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      Overproduction of very low-density lipoproteins is the hallmark of the dyslipidemia in the metabolic syndrome.

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          Abstract

          Insulin resistance is a key feature of the metabolic syndrome and often progresses to type 2 diabetes. Both insulin resistance and type 2 diabetes are characterized by dyslipidemia, which is an important and common risk factor for cardiovascular disease. Diabetic dyslipidemia is a cluster of potentially atherogenic lipid and lipoprotein abnormalities that are metabolically interrelated. Recent evidence suggests that a fundamental defect is an overproduction of large very low-density lipoprotein (VLDL) particles, which initiates a sequence of lipoprotein changes, resulting in higher levels of remnant particles, smaller LDL, and lower levels of high-density liporotein (HDL) cholesterol. These atherogenic lipid abnormalities precede the diagnosis of type 2 diabetes by several years, and it is thus important to elucidate the mechanisms involved in the overproduction of large VLDL particles. Here, we review the pathophysiology of VLDL biosynthesis and metabolism in the metabolic syndrome. We also review recent research investigating the relation between hepatic accumulation of lipids and insulin resistance, and sources of fatty acids for liver fat and VLDL biosynthesis. Finally, we briefly discuss current treatments for lipid management of dyslipidemia and potential future therapeutic targets.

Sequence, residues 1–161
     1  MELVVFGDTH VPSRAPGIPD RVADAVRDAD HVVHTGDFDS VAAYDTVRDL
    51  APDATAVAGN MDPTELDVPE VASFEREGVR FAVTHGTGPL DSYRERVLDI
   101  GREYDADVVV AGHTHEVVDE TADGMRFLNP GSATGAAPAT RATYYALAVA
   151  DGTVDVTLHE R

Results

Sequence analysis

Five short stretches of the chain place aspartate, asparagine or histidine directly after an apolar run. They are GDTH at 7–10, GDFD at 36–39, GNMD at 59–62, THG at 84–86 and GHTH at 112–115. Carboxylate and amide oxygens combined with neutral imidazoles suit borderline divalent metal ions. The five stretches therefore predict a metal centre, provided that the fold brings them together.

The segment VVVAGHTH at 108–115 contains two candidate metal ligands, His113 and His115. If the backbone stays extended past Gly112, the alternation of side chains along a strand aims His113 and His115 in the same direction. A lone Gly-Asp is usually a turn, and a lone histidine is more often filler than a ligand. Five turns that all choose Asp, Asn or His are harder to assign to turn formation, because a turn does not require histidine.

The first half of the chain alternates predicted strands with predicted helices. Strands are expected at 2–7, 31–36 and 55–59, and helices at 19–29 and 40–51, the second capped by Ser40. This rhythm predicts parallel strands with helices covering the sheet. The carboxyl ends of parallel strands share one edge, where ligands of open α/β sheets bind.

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          Author and article information

          Journal
          Arterioscler Thromb Vasc Biol
          Arteriosclerosis, thrombosis, and vascular biology
          Ovid Technologies (Wolters Kluwer Health)
          1524-4636
          1079-5642
          Jul 2008
          : 28
          : 7
          Affiliations
          [1 ] Wallenberg Laboratory, Sahlgrenska University Hospital, 41345 Gothenburg, Sweden. Martin.adiels@wlab.gu.se
          Article
          28/7/1225
          10.1161/ATVBAHA.107.160192
          18565848
          ca6ac3d9-e05d-4745-ad0f-1c01a0ea4f0b

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